Saturday, 11 November 2017

Bought and sold for RT gold


Does it matter very much that Alex Salmond has chosen to appear on Russia Today (RT)? No. I sometimes glance at this site. It has a perspective, but then again so does the BBC, CNN and the New York Times. RT has a Russian perspective. It’s not a perspective we often have access to in the Western media, so in that sense RT can be useful. I find some of its reporting and opinion pieces to be very biased, but others are no worse than what we get in British newspapers or television. But then every story on every website has to be evaluated critically. The important point to remember is that RT is funded by the Russian Government and it has a goal. This goal is to further the interests and foreign policy objectives of Russia.


Does this make RT illegitimate? No. The BBC World Service likewise has a goal. Do you think that we fund radio programmes in obscure languages out of the goodness of our hearts? In Britain too I find that the BBC has a perspective that it relentlessly pushes. It is most often very fair and balanced in its coverage of politics, but at the heart of it all is political correctness. Most people, perhaps nearly everyone who works for the BBC believes in this or at least won’t question it. I doubt it would be possible to get a job if during an interview someone expressed doubts about aspects of feminism, gay marriage or climate change. So while it is possible to describe much of the coverage on RT as propaganda, so to it is equally possible to describe the BBC.

But why would Alex Salmond choose to appear on RT? It may be chance. He may simply have received an offer from the Russians. He lost his job earlier this summer and has the right to work where he pleases. But it might be worth reflecting for a moment on what he is doing.

During the Soviet Union various Labour politicians and Trade Union leaders made trips to see how socialism was working out. Many of them went to see a collective farm and reported back on how wonderfully it all was working out and how progressive and efficient it all seemed. When travelling around the Ukrainian Soviet Socialist Republic in the 1930s they noticed no famine, nor in other parts of the Soviet Union did they notice any repression. This continued right up until the end of the Soviet Union. Various Labour politicians and trade union leaders supported Soviet foreign policy goals, such as nuclear disarmament and in return were given money by the Soviet state.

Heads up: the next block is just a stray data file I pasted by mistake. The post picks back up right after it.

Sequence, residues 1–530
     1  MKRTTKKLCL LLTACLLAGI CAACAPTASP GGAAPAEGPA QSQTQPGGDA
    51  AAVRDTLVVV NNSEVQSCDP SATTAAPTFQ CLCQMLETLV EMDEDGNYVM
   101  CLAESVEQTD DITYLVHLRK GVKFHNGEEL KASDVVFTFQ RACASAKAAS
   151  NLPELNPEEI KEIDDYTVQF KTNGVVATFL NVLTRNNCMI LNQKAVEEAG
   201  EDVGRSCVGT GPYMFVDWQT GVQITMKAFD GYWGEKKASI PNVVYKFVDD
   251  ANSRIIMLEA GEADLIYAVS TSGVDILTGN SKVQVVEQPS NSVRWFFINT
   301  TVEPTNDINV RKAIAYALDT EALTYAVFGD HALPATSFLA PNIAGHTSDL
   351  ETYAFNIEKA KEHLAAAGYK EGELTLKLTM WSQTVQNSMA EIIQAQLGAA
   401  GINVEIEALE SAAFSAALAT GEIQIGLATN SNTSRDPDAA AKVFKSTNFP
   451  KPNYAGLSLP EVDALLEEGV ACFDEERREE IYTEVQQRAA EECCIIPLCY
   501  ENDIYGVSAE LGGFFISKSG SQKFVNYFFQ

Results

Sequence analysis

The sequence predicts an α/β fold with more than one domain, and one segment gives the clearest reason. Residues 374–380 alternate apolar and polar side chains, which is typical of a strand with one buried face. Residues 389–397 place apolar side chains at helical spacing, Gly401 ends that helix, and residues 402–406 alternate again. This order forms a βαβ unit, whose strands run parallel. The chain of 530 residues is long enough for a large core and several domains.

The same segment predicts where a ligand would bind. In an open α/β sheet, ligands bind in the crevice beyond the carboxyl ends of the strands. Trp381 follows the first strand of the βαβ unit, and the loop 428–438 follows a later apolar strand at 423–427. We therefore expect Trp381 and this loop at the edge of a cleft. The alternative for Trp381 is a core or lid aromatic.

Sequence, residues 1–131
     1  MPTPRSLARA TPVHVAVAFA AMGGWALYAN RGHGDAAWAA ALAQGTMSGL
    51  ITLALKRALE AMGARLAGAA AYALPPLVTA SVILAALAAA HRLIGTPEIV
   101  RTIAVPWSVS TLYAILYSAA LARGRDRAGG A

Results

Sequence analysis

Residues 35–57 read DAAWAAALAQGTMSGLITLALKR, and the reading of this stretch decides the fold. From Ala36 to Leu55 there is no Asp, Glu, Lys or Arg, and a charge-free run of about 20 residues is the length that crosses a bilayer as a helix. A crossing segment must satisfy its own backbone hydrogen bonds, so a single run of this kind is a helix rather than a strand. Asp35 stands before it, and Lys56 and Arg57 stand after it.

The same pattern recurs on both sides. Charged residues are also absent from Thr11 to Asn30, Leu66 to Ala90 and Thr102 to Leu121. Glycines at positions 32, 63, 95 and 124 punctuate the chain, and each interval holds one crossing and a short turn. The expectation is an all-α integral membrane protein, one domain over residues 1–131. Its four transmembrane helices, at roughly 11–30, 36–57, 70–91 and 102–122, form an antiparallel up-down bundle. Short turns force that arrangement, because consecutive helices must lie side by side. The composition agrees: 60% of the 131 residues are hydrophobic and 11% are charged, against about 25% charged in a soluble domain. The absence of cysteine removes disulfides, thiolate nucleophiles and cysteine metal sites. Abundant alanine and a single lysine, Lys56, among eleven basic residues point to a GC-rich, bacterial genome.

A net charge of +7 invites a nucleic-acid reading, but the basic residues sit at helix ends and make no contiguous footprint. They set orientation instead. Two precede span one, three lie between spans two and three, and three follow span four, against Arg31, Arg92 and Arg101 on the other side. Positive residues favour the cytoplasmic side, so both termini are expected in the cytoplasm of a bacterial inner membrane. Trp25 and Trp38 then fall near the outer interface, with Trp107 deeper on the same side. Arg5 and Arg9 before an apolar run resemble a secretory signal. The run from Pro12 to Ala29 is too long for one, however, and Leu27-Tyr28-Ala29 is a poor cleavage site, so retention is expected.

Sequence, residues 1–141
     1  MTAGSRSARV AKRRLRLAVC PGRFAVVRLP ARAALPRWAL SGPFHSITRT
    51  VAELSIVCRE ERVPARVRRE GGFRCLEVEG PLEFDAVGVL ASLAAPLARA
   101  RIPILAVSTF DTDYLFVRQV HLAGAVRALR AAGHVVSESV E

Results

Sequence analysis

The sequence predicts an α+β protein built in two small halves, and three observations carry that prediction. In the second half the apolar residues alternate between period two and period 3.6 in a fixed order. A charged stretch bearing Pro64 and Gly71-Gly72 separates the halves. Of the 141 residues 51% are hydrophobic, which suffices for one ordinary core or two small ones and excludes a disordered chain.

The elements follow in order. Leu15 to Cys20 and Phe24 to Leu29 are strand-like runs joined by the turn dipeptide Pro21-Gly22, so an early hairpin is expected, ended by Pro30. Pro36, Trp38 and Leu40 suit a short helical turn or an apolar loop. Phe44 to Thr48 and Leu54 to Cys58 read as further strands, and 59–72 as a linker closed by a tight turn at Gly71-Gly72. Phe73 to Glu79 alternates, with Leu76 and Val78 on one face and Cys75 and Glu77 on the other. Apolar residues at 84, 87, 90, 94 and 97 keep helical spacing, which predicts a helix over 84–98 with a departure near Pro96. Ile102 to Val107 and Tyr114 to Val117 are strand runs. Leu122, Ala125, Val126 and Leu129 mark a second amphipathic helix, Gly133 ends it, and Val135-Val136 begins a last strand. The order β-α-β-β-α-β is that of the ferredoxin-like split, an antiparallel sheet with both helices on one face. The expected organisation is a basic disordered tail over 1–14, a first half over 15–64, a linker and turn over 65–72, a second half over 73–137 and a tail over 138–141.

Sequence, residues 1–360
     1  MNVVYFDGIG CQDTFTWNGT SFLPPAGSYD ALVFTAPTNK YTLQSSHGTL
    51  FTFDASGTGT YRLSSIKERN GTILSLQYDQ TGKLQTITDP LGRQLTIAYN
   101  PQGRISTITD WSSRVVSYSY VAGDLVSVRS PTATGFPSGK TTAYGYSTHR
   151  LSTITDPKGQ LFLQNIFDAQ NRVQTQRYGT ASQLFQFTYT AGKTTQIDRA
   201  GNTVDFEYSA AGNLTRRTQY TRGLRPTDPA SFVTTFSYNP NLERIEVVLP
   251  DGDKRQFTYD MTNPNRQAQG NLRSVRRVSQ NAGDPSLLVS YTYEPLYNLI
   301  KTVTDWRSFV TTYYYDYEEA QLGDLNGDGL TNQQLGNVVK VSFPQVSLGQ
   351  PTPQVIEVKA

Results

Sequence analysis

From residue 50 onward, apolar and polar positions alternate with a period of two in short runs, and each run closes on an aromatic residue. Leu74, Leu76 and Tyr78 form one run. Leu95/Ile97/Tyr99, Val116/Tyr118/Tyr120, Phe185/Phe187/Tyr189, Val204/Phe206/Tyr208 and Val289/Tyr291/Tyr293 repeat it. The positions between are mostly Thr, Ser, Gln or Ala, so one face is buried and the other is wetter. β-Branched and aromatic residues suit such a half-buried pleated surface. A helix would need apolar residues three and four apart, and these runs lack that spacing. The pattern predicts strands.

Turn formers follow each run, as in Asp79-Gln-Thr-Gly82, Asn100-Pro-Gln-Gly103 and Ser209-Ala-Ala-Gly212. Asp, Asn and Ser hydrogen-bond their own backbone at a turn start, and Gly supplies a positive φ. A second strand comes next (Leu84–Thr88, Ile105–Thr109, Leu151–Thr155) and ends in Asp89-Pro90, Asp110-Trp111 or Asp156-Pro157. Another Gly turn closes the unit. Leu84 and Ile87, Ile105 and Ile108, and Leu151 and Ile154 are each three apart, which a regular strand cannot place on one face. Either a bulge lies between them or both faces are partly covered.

The Soviet Union was Britain’s enemy all through the Cold War. The greatest threat to our existence came from Moscow. We also, of course, were a threat to them. But let’s be clear. There is a word for siding with the enemy during wartime.

I think the West has made a terrible mess of relations with Russia since 1991. We have pushed the EU and NATO right up to Russia’s border and crossed Russian strategic red lines. There was a chance back in the early 1990s to include Russia in NATO and give it some sort of EU membership. We could have had a relationship of cooperation and friendship, but chose instead to continue the Cold War rivalry. No doubt the Russians were to blame also.

The Yeltsin years were humiliating.  Russians may have been treated with some friendship, the Americans even sent aid, but they were also treated as if they were all useless, second rate drunks.  The financial crisis of 1998 showed that democracy and free market economics could lead to poverty.  In order to avoid further descent they turned, or rather returned to the familiar pattern of leadership. Putin has brought Russia back to being something close to a great power again. But in doing so he has come into conflict with the West. He has become our enemy.

The final straw for the Russians was Ukraine. Just as the Americans would not allow missiles to be sited in Cuba, the Russians could not allow Ukraine to join the West. They fought to stop this and they won. But in return the Americans deliberately set out to wreck the Russian economy and achieved that goal. The rouble fell like a stone in 2014 and sanctions had an effect on the living standards of ordinary Russians. But at the same time Russian foreign policy was succeeding. Their intervention in Syria while brutal was the key to defeating ISIS. Russian intelligence actually understood what was going on because they had been in Syria for decades and spoke the language, knew the history and understood the differences between the people there. The CIA as usual understood nothing.

So not only is Putin an enemy, he is a dangerous enemy. His intelligence services are rather good and his military forces are superior to anything we can put in place. If Russia wanted to annex the Baltic States, it could do so almost instantly and there would be nothing we could do to stop them except drop nuclear weapons on Moscow.

The Russians didn’t take kindly to having their economy wrecked. Moreover they didn’t take kindly to how the West once more made a mess of the Middle East by first encouraging revolt in Libya and by means of that example enabling chaos in Syria. They were right of course. It is for this reason that the Russians are out for revenge.